Although limited, there is also evidence to support the feasibility of safe and effective OPAT in some PWID. A study by Ho et al. used OPAT to treat 29 PWID hospitalized with serious infections.[6] The study population had adequate housing, a reliable guardian, and signed a contract agreeing to abstain from drug misuse. In addition, all patients received substance use counseling and novel tamper‐proof security seals to prevent misuse of peripherally inserted central catheters, and antibiotics were delivered daily at an infusion center. They found no evidence of line tampering, excess readmissions, or excess line infections. Of note, the study population included 2 patients who were discharged against medical advice but successfully completed OPAT without issue. Although we do not believe that all individuals are appropriate for OPAT, this study suggests that OPAT can be considered in select PWID.

The study by Fanucchi et al. also reinforces the importance of making individualized risk assessments of persons with a history of IDU rather than assuming uniformity among the population. Of particular note is the lack of agreed‐upon definition of remote history of IDU (range, 2120 months; median, 12 months). The idea that individuals with a decade of sobriety could be subject to the same restrictions as a patient injecting multiple times a day speaks to providers' discomfort with assessing the individual risk of a person who has suffered from substance use disorder. Further, the fact that so few providers felt substance use disorder treatment was a critical component of a decision to allow OPAT raises concerns that providers are not aware of effective means to treat addiction. In particular, it is crucial for providers to understand that medication‐assisted treatment, such as methadone or buprenorphine for opioid use disorder, has significant evidence to support efficacy in decreasing drug misuse and improving outcomes.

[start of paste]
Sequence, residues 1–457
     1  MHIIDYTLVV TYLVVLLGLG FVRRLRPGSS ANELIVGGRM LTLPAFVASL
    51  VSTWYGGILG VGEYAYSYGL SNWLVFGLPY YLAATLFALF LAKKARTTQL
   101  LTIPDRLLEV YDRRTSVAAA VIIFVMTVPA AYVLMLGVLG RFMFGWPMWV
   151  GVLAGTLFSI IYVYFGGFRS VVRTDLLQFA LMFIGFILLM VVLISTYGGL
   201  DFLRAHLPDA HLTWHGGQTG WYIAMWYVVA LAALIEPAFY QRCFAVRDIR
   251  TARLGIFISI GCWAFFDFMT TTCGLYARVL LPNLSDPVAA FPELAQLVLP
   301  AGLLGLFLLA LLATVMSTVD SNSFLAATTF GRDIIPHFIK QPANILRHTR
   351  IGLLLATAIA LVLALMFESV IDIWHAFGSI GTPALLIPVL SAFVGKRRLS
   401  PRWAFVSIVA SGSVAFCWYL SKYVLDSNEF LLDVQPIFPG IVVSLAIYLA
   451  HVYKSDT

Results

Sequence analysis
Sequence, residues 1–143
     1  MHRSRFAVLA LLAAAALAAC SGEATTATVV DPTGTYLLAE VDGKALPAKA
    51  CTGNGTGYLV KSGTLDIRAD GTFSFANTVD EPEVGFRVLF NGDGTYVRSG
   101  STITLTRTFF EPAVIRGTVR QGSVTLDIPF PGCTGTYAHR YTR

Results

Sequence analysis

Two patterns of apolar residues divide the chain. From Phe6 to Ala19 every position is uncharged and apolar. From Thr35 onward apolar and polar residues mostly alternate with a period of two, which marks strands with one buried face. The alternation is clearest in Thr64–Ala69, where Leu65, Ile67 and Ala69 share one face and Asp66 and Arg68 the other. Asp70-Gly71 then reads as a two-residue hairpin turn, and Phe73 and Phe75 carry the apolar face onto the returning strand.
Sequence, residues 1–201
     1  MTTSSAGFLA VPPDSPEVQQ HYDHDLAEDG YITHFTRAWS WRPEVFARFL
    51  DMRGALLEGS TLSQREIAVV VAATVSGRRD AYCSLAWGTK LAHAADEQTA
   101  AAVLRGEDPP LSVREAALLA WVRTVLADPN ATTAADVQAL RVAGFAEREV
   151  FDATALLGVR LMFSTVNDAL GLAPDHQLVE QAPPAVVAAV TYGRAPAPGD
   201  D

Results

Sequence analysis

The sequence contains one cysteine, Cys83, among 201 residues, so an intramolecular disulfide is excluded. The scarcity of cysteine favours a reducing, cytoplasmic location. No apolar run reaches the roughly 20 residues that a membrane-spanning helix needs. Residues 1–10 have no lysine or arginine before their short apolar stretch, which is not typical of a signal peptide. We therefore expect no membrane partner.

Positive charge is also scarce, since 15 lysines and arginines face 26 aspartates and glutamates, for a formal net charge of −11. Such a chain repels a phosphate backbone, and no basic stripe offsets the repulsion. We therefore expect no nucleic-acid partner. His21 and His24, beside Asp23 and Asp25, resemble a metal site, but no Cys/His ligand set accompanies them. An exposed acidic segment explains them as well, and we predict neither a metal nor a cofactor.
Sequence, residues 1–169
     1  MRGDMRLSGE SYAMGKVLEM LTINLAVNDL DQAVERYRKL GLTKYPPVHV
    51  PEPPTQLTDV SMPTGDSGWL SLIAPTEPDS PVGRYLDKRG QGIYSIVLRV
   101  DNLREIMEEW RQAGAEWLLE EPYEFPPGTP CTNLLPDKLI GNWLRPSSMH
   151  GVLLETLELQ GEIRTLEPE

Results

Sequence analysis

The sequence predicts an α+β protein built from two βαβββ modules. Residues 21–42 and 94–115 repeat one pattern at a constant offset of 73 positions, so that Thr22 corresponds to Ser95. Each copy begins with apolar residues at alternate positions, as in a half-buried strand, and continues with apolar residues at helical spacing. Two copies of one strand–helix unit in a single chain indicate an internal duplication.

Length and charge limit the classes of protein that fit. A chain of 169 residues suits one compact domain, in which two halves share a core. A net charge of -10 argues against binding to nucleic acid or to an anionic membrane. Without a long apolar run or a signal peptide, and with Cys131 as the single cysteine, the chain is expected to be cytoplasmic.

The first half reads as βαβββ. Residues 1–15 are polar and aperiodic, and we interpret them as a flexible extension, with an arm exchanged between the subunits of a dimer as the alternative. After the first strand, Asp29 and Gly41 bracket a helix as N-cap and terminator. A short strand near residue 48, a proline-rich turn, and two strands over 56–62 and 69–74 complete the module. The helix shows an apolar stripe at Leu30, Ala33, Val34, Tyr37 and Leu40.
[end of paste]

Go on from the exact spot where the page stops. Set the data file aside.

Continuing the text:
This study suggests more work will need to be done before inpatient providers will be comfortable discharging any PWID with OPAT. This includes improved outpatient services (enhanced case management and home health services, and better access to outpatient physicians including infectious diseases specialists), the development of tamper‐evident devices to deter misuse of peripherally inserted central catheters, and defined legal protection for providers.

In addition, more research needs to be done on this population to objectively stratify risk for PWID and assess outcomes for PWID treated with OPAT versus the current standard of care. This research should have a particular focus on the long‐term financial and societal costs associated with PWID leaving against medical advice or receiving potentially unnecessary inpatient services. Minimizing the length of stay may defray inpatient costs and afford investment into more robust, effective outpatient services. It is essential that we develop a system to provide antibiotics in a way that optimizes outcomes and is cost‐effective.

Regardless of the decision to mandate antibiotic treatment in an inpatient setting or to discharge with OPAT, it is clear that more needs to be done to address addiction in hospitalized patients. All hospitalized PWID should receive safe injection education and a referral to a substance use disorder specialist. In addition, individuals with opioid‐misuse or opioid use disorder should receive opioid overdose education and naloxone distribution. Hospitalizations serve as important opportunities to engage individuals in the treatment of their addiction. It is essential that hospitalists begin utilizing these opportunities.

Disclosures: Nothing to report.